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Companion flowers in the vegetable garden: Marigolds a joy to grow, offer many benefits

Companion flowers in the vegetable garden: Marigolds a joy to grow, offer many benefits

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No one is quite clear why Downton Abbey’s Lady Edith chose the name Marigold for her daughter’s name, but naming baby girls after flowers was common in England during the 1920s. I’d like to believe Marigold was named for both her beauty and resiliency. This spirit is why the marigold nearly became the floral emblem of the U.S.

Alas, the marigold lost to the rose in 1986. Our girl was asked to her prom but never made prom queen.

French marigolds (Tagetes patula) are really native to Mexico. The African marigold (Tagetes erecta) also hails from Mexico. Our marigold is a native of North America and an American in all the ways that count. She’s one of us.

Why should you grow marigolds?

Marigolds look great in planters, hanging baskets, or ornamental beds and borders. Marigolds can also be an excellent addition to the vegetable garden. Many gardeners don’t plan on growing flowers in their vegetable gardens. However, the placing of flowers in with vegetable plants will encourage diversity of plants and wildlife as well as attract pollinators and protect the soil.

Marigolds are also very easy to grow

Marigolds will grow in a wide range of soil types and conditions. All they really demand is plenty of sunlight. They are nearly trouble-free.

Marigolds can be started from seed between four to six weeks before the last frost date. In Central Virginia, that is about the second or third week in April. They’re also quick to germinate — often within 10 days.

It’s a tad late in the season now to start from seed, but inexpensive bedding plants are still available from many gardening centers.

Marigolds attract predatory insects

They don’t just draw in pollinators, they also attract insects that help in natural pest control. Marigolds entice lacewings, ladybugs, parasitic wasps and other predatory insects that will eat aphids and other pests.

Marigolds make great trap plants

A trap crop is a planting that lures pests to keep them away from other more valuable plants. Slugs generally like marigolds, so planting ‘sacrificial’ marigolds around the edges of a bed might help protect other flowers. For example, slugs will be drawn to the marigolds rather than other plants.

Marigolds repel certain pests

Sorry, marigolds don’t repel deer or rabbits. There is some evidence that marigolds—at least in part—help repel cabbage moths and Mexican bean beetles.

Marigolds produce chemicals that repel nematodes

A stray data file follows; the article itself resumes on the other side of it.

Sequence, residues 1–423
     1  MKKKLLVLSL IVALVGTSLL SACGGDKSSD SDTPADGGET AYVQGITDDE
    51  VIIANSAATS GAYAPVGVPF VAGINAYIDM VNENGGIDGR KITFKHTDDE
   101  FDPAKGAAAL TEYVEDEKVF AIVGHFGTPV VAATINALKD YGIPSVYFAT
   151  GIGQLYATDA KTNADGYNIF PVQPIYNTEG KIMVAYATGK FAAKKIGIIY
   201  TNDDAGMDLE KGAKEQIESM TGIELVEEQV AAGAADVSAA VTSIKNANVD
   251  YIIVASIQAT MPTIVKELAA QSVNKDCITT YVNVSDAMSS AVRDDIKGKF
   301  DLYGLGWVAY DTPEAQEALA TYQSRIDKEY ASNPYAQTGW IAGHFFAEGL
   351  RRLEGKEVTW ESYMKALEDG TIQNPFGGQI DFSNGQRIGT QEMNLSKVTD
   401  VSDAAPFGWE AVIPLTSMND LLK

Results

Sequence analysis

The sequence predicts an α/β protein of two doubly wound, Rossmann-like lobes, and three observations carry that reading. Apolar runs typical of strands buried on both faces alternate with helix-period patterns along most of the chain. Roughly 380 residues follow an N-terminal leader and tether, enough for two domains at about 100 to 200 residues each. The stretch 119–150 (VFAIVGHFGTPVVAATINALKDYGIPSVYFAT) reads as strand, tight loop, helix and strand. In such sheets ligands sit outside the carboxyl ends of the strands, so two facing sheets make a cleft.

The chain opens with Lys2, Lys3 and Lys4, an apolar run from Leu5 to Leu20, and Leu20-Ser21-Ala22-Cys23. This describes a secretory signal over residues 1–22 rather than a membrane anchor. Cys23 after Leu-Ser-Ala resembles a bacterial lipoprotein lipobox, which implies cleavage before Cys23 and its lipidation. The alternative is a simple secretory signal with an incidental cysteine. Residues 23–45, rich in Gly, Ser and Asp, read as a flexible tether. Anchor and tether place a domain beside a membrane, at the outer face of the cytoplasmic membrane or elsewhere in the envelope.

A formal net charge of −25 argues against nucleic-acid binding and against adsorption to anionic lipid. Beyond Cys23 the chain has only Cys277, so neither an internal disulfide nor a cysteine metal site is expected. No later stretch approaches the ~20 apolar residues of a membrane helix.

Nematodes are little organisms, roundworms, which make up the phylum Nematoda. There are many different species of these tiny, thread-like creatures.

Some nematodes cause problems for plants and people. Others do not. Marigolds produce compounds in their roots called nematicides. In all honesty, most gardeners are unable to determine which nematodes we have in our soil.

The bad guys can promote poor root development and swollen root tips in plants. This can appear in a plant that is stunted or exhibits interveinal chlorosis. Interveinal chlorosis is the yellowing of leaf tissue between the leaf veins while the veins themselves remain green.

When certain marigolds are integrated with certain nematodes, the marigolds will kill off the nematodes in that particular spot thus reducing the nematode numbers. This can control a harmful nematode population. Marigolds may also excrete a chemical which can repel nematodes in surrounding areas.

Companion planting with marigolds helps, but the science is not conclusive regarding nematode control. Some attractive bedding plant or French marigold cultivars produce higher levels of toxin and might be considered more effective in reducing bad nematodes in soil. ‘Petite Gold,’ ‘Petite Harmony,’ ‘Tangerine,’ and ‘Goldie,’ ‘Polynemia’ and ‘Single Gold’ are recommended. Leaving roots in the ground at the end of the growing season can help to increase the efficacy of repelling nematodes. Marigolds might help control nematodes, but they will not eliminate them. If you have a severe problem, you may have to consider choosing and growing disease resistant plant varieties or practice other pest control measures in your garden. A call to your Cooperative Extension office is a good starting point for a solution.

Marigolds are a poor man’s saffron

On a happier note, I’ll conclude with marigolds as an edible flower. Their colorful petals have been fed to chickens to promote richer colored egg yolks. Don’t have saffron? Marigold petals can be used to enhance the golden color in soups and stews. The petals can also be used as a natural food coloring for cake frosting and other goodies. Numerous recipes can be found on-line especially for Calendula officinalis often called a marigold.

Virginia McCown is a master gardener living in Central Virginia along with her garden and assorted creatures both great and small.

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